HIS EXPLOITS have entertained millions. And they willingly suspend belief as they enjoy the crazy escapades of Indiana Jones in the various films in which he is portrayed by Harrison Ford.
But hold on! Could Indiana Jones have ever existed in real life? Not with that name maybe. But somebody remarkably like Indiana Jones did play a dramatic role in the war against the Nazis.
His name: Carleton S. Coon and when you read of his exploits it seems quite likely that the film character was based on him. Colourful background information, lending substance to this, is detailed in David Baird’s book Between Two Fires – Guerrilla war in the Spanish sierras.
In World War Two the Allies debated the possibility of invading fascist Spain which, though officially neutral, was aiding Nazi Germany in many ways. Coon, working as an agent for the OSS (forerunner of the CIA) in North Africa, was an expert saboteur and made contact with Spanish exiles there.
Anxious to obtain information about Spanish coastal defences, the British and Americans infiltrated into Spain hand-picked exiles they had trained in the use of radio and arms. They landed on some of the southern beaches where tourists sun themselves today.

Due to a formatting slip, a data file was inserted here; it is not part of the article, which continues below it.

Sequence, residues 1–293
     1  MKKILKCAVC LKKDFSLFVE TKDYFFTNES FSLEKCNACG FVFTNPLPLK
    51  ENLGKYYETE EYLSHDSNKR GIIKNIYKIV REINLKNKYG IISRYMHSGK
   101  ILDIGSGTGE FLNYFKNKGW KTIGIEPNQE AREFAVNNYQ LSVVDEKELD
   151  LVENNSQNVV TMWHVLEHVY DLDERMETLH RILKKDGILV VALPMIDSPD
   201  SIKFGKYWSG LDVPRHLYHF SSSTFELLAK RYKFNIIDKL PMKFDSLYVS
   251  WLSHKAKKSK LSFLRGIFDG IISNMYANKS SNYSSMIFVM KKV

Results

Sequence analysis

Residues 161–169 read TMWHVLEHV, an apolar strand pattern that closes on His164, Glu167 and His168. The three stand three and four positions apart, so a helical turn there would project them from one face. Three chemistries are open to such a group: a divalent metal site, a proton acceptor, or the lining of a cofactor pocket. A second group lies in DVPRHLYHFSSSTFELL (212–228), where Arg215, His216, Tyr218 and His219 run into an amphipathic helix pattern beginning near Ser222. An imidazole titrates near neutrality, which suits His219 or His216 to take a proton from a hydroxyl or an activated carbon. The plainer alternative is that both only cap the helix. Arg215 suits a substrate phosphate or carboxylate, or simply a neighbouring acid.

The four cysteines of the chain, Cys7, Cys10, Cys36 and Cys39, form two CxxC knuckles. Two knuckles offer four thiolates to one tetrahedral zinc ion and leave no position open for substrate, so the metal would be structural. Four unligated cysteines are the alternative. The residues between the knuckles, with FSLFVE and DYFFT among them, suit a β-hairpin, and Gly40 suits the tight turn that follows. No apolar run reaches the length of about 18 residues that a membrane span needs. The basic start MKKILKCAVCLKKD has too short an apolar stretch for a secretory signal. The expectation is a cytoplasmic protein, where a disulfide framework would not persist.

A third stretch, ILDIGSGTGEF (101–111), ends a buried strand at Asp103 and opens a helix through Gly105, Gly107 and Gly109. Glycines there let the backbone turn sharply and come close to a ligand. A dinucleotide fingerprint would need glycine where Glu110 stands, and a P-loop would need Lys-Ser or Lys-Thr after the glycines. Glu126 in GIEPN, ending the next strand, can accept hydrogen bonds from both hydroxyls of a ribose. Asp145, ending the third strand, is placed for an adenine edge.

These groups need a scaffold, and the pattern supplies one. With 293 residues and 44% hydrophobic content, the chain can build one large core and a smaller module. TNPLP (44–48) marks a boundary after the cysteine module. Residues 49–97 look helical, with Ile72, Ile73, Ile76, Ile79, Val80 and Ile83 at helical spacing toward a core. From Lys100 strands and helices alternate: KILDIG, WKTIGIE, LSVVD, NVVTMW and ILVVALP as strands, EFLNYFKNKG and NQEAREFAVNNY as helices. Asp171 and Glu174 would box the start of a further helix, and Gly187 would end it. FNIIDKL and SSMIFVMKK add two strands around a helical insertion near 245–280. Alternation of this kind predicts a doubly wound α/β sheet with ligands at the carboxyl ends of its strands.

The deal was that the Communist-led guerrillas would supply information on General Franco’s defences in return for continued support from the Allies. But when the Cold War started neither the Americans nor the British were willing to help a movement largely organised by Reds and they abruptly abandoned the guerrillas.
But the guerrilla war continued for years in the sierras of Spain as rebels of various political persuasions tried to undermine the Franco regime. Almost all these rebels were imprisoned or killed for it was an unwinnable war without outside help.
Shropshire-born Baird, who has worked on publications around the world including the Daily Express and The Times, spent five years investigating this forgotten war.
Scouring archives from Madrid to Washington, he unearthed confidential reports on how the OSS trained and armed Communists. He also discloses how the Civil Guard covered up its killing of three innocent villagers.
His book, entitled Between Two Fires (Maroma Press), is particularly timely as fierce passions have recently been stirred in Spain over attempts to correct injustices of the Franco years.
The book has earned high praise from leading historian Paul Preston and Lorca biographer Ian Gibson. It is published in conjunction with the Cañada Blanch Centre for Contemporary Spanish Studies at the London School of Economics.